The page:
Saturday, September 15, 2012

10 Years Movie Review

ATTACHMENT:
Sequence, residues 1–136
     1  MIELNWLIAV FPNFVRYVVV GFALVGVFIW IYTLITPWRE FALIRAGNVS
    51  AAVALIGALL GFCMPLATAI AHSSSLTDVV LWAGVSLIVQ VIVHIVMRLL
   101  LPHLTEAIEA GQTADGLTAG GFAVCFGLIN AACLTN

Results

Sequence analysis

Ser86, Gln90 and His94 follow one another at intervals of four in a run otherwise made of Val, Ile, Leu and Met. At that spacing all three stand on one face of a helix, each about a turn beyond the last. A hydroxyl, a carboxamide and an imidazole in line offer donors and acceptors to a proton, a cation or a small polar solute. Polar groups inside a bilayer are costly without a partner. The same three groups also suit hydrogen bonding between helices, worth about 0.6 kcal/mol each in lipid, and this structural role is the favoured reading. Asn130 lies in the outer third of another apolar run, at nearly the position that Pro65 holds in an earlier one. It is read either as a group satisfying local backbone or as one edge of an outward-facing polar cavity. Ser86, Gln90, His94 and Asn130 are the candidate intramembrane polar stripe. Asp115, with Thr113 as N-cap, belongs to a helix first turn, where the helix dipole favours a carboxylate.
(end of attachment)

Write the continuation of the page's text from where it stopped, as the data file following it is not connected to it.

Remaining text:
10 Years Movie Review, Written by: Karen Benardello Teenagers often times want to rush their high school experiences so they can embrace the freedom that they often associate with adulthood. Little do they realize that the time they spend with their friends and peers during their youth often influence and shape their adult lives, and they’ll often spend their time after graduation trying to rectify the problems created in school. This emotional dilemma is daringly and comically featured and debated in the new ensemble film ‘10 Years,’ which opens in select New York theaters tomorrow. The movie respectably refuses to present the insecurities people carry into adulthood from school as trivial, and isn’t afraid to show the lengths people will go to in order to improve their self-worth and confidence. ‘10 Years’ follows a group of high school friends who reconnect on the night of their 10-year reunion, and discover that a decade after graduating, no one’s fully grown up. The group is led by Jake (played by Channing Tatum), who is deeply in love with his girlfriend, Jess (portrayed by Jenna Dewan-Tatum), and id ready to propose to her. He quickly doubts his decision when he runs into his high school flame, Mary (played by Rosario Dawson), for the first time since college. But when he discovers she’s married to Paul (portrayed by Ron Livingston), Jake learns to value his relationship with Jess. Meanwhile, Jake’s friend Cully (played by Chris Pratt) is married to former cheerleader Sam (portrayed by Ari Graynor), and makes it his mission to finally apologize to all the classmates he bullied in high school. However, after having a few drinks, the once popular jock relapses back to his old harassing ways. At the same time, longtime rivals, the notorious bachelor Marty (played by Justin Long) and the married A.J (portrayed by Max Minghella), envy each other’s lifestyles. They try to make themselves feel better by spending their time at the reunion resorting to their high school ways, vying to impress the hottest girl in class, Anna (played by Lynn Collins). The other members of the group include the once-shy Reeves (portrayed by Oscar Isaac), who is now a rock star. He’s still too afraid to talk to his high school crush, Elise (played Kate Mara), however, and tries to muster up the courage to win her over. Meanwhile, Scott (portrayed by Scott Porter) has finally found peace living in Toyko with his girlfriend, and realizes the happiness he had in high school belongs in the past. Screenwriter-helmer Jamie Linden, who made his feature film directorial debut with ‘10 Years,’ perfectly captured the conflicting feelings many people feel as they reflect on their high school experiences with friends they lost regular contact with. Jake and his friends represent everyone who is still holding onto their sentiments, emotions, grudges and dreams from their high school careers. To continue reading this review, please visit Examiner.

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